To Prevent Osteoporosis
High-impact activities, 1–2 times per week
While you may already know that calcium can keep your skeletal system strong, high-impact, weight-bearing exercise can help build bone strength, too. Aerobics, dancing, jumping jacks, jogging, and racquet sports can all keep your bones strong and protect against osteoporosis, which greatly increases the risk of bone fractures as we age.
To Prevent Arthritis
Strength training, 2–3 times per week
Chronic joint pain and stiffness can affect adults of all ages, but the risk of arthritis increases with age. Now is the time to start protecting your body with strength training to prevent those aches and pains, or to lessen them if they have already set in. The best news? You don’t have to install a home gym to do it.
The Growing Stronger Routine is a three-part routine developed specifically as a strength training routine for older adults, and is recommended by the CDC. The exercises are done by lifting a load (body weight or a dumbbell) and holding it for a count of two to four, and then lowering it for another count of two to four. You then repeat the motion, smoothly and slowly for 10 repetitions. Exercises include squats onto a chair, stair step-ups, and bicep curls.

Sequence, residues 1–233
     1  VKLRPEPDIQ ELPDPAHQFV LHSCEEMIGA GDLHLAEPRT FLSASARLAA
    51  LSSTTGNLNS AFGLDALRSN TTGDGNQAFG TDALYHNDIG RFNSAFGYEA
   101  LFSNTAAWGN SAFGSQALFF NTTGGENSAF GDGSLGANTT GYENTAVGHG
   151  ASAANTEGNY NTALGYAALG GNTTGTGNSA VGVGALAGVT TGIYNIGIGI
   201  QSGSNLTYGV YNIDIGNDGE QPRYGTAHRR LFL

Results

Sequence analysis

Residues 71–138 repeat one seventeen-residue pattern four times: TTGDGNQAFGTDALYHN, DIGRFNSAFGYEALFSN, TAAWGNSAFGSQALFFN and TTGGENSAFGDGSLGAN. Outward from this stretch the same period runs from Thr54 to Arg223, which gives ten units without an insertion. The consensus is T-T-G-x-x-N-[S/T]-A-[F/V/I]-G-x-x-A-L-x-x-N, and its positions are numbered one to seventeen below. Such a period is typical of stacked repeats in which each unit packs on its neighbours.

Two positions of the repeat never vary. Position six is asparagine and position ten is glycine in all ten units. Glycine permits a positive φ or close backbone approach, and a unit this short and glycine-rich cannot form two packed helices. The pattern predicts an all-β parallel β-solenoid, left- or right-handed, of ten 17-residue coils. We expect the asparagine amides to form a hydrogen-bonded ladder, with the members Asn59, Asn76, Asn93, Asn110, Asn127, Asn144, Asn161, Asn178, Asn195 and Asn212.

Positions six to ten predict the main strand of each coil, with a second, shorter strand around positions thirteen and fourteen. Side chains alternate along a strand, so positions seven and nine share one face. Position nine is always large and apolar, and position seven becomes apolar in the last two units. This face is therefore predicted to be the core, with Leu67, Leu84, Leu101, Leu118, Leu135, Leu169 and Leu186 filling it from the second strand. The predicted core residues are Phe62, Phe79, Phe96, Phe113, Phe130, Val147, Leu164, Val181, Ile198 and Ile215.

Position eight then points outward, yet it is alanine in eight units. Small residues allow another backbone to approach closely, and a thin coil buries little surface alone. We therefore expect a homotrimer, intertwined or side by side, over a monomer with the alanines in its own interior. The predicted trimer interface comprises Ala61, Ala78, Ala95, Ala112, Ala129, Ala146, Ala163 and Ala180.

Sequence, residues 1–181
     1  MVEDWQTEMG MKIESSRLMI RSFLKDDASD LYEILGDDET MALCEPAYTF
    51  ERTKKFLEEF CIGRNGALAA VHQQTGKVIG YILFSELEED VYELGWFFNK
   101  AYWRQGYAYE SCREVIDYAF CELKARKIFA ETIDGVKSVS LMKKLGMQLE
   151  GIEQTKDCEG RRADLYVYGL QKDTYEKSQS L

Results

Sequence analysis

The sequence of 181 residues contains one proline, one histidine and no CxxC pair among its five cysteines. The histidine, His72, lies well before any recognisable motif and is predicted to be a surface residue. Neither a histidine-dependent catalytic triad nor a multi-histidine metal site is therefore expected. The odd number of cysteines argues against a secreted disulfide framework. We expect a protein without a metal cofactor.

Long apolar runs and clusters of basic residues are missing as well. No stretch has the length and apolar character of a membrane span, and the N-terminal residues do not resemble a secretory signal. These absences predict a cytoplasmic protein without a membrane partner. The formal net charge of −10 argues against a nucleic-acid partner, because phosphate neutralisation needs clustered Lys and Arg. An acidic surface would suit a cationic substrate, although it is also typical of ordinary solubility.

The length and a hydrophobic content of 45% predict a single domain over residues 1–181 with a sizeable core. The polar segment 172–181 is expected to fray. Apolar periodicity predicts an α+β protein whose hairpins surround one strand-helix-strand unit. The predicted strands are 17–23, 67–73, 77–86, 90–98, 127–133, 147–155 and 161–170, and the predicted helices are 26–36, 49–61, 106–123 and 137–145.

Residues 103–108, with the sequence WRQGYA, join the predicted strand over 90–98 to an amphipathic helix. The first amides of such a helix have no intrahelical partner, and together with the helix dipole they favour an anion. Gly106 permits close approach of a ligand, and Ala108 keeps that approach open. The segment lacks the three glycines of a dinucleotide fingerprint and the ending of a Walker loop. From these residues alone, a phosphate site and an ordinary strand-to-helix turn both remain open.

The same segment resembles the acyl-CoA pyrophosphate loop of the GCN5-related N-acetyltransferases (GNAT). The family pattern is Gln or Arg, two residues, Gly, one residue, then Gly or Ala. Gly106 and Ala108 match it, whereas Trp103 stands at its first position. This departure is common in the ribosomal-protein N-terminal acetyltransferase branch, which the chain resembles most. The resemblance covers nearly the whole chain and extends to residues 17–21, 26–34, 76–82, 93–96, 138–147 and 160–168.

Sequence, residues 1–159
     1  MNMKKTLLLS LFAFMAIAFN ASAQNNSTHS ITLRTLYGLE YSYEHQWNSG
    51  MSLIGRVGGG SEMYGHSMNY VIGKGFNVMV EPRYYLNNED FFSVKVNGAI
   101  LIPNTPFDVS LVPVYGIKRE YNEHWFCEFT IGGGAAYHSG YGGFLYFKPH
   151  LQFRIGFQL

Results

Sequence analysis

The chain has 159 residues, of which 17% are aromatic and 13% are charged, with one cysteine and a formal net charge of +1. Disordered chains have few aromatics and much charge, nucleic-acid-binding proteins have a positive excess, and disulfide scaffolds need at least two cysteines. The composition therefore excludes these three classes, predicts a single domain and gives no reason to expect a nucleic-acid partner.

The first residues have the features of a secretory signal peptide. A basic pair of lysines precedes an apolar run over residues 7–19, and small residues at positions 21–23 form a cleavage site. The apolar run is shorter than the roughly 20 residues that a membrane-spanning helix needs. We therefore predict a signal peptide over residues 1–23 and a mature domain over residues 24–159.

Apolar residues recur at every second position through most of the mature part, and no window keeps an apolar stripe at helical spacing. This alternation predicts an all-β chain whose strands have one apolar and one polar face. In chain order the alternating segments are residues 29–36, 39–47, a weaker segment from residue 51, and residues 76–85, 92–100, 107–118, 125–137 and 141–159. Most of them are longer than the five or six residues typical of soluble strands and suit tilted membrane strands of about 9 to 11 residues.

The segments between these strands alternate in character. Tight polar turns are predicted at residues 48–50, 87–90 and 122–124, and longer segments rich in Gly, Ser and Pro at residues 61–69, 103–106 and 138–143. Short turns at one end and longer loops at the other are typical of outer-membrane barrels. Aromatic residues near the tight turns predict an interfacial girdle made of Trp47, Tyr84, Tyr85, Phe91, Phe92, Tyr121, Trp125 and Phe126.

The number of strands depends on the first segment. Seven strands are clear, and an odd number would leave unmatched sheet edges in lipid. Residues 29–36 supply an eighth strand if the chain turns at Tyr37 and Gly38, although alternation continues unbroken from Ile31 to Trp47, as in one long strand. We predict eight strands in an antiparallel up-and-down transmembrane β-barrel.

Other great options include bicycling, heavy gardening such as hoeing or digging, skiing, lifting weights, or doing pilates. Pick something you enjoy and will stick with!
To Prevent Depression
Yoga, once per week
Research suggests yoga may be especially beneficial to reduce stress and regulate mood, to combat the increased risk of depression in women between the ages of 45 and 64. Even a yoga class at the local recreation center can help lower mental distress. You can even double up on benefits with certain styles of yoga, which can include weight-bearing and/or cardiovascular exercises.
To Prevent Back Pain
Planking for 90 seconds, 3 times per week